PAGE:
Conflicted about Conflict?

ACFW Advice, Authors and writing, Characters, Conflict/Tension, Friends of ACFW, tips, writing Leave a Comment

By Ane Mulligan

My first novel was a Biblical fiction in which I strung together a bunch of scenes from Jesus’ life, interspersed with the fictional characters. There was no conflict, other than the Pharisees wanting to crucify Jesus. I figured that was enough.

Uh, no. Not for a novel. Sigh. I had a lot to learn.

I slid that first manuscript under my bed, never to see the light of day again. I turned to contemporary fiction and let my funny bone come out to play. However, I still lacked enough conflict. My crit partners (you know the ones: Attila the Holmes, Genghis Griep, and Ludwig von Frankenpen) ripped it apart.

“More conflict!” was the verdict.

But I write light-hearted Southern fiction.

“You still need conflict. Anne of Green Gables had a story question that kept it going. Would Anne be able to avoid her usual high jinx and get adopted? While not the usual conflict, it provided tension needed to carry the story forward. You need more!”

Okay, okay. I heard. I began to do deeper character interviews in which I discovered the secrets about my characters’ past. Once I found their deepest need or darkest secret, I had the basis for conflict. What was the worst thing that could happen to her/him? Do it and then go one worse.

Suspense, mystery, and adventure genres have built-in conflict by nature of the genre. They are plot driven, meaning the events cause the protagonist to make decisions.

But in character driven fiction, (the character’s decision causes certain events to happen, driving the plot forward) the conflict will stem from the characters motivation, which is based on that lie they believe about themselves.

These things, the lie and motivation, are found within the character’s backstory. That secret. That devastating childhood event colors their personality and their worldview. These are from where you draw the story conflict.

If it matters to the character, if it violates or goes in direct opposition to their motivation, it causes great conflict.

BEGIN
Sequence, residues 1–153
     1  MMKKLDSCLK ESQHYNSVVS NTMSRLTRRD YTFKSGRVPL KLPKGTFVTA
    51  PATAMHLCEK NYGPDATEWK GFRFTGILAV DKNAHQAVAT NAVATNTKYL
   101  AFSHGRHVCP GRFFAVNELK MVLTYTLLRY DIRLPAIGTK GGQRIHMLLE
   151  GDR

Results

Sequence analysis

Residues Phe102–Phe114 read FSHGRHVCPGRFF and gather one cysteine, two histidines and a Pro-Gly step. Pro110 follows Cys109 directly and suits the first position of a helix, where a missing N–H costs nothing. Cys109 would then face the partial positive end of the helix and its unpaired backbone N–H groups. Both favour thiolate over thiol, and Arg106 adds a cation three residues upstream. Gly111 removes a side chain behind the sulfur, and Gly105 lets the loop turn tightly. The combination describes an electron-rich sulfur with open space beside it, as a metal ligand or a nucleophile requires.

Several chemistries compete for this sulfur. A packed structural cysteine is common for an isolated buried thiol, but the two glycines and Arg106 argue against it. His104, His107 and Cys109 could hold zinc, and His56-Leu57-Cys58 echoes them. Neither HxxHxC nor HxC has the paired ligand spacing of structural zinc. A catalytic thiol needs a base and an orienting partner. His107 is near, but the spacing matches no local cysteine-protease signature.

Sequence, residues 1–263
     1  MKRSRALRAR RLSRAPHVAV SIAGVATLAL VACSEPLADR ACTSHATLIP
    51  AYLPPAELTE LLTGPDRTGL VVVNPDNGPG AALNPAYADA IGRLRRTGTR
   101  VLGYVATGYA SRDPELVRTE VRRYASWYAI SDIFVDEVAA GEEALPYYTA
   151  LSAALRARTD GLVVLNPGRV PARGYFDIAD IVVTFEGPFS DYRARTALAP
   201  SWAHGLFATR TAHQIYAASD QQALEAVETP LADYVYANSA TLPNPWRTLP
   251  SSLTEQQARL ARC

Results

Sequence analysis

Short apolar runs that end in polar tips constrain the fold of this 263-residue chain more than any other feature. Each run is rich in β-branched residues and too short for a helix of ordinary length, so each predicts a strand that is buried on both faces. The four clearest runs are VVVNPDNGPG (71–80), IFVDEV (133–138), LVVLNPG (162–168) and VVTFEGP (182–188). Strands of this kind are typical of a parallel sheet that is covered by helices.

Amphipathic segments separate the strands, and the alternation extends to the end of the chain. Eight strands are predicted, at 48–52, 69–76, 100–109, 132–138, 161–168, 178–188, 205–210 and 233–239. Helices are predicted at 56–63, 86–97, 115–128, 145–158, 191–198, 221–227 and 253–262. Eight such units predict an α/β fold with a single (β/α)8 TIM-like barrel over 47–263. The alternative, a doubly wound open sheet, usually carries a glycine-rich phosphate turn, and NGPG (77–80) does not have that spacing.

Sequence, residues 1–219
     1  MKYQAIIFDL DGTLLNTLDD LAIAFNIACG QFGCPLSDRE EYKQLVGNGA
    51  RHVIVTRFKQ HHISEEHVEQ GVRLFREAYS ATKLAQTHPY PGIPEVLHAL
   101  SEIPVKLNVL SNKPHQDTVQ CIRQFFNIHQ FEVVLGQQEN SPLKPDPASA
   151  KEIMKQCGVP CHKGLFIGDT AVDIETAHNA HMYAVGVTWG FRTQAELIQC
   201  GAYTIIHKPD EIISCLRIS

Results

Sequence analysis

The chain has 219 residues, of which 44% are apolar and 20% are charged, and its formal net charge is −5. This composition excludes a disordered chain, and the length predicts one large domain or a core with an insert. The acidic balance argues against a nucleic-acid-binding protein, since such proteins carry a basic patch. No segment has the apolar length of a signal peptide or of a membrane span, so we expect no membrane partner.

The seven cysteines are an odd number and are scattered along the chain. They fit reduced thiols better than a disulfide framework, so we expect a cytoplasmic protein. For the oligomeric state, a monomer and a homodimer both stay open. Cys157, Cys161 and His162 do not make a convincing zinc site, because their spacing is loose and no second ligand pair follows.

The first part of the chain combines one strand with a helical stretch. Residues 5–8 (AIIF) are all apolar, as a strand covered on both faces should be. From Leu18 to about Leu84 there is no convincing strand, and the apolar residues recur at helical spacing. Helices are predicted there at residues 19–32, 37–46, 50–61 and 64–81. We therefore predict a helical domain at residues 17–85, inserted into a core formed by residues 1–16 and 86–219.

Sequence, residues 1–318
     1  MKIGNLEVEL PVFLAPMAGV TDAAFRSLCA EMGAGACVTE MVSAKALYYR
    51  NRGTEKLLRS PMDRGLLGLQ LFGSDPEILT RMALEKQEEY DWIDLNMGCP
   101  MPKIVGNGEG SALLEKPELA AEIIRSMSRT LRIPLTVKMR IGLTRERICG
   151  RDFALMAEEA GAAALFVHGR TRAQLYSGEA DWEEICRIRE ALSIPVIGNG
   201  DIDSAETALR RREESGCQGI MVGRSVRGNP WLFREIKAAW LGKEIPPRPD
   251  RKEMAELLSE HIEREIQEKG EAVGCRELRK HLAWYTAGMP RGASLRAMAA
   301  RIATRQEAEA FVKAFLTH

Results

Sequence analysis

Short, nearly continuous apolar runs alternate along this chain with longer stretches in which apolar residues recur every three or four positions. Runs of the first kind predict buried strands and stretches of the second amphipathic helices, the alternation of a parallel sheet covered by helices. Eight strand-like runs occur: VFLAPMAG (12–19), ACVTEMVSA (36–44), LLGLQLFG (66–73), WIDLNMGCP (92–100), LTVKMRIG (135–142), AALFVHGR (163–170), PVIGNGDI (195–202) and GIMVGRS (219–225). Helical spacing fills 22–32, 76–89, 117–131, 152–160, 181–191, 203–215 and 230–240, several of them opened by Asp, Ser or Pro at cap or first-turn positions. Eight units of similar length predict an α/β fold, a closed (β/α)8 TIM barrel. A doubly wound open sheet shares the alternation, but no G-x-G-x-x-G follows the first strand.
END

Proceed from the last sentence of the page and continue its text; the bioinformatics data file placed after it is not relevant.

For instance, in Chapel Springs Revival, my protagonist, Claire, wants respect. Her lie is that it’s all her fault. She lives to prove that wrong. But she’s her own worst enemy, trying so hard, she forgets to stop and think before she moves or says anything. She charges headlong into trouble, and usually ends up in a mess, further compounding her dilemma.

In Rich in Love, by Lindi Peterson, the heroine, raised on the mission field, wants nothing to do with foreign missions. She’ll serve God right here in Atlanta, thank you very much. The hero, with whom she’s fallen head over heels in love with, has been to be a foreign missionary.

Filled with conflict? Absotootinglutely!

So remember, conflict comes from within, in a character-driven novel. It comes from the character’s past, their hurts, their fears-their backstory. That backstory may never make it in the book (and probably shouldn’t) but you’ll glean so much from it, you’ll have built-in conflict.

Leaning AneAne Mulligan writes Southern-fried fiction served with a tall, sweet iced tea. She’s a novelist, a humor columnist, and a multi-published playwright. She believes chocolate and coffee are two of the four major food groups and resides in Sugar Hill, GA, with her artist husband, and two dogs of Biblical proportion. You can find Ane at www.anemulligan.com.

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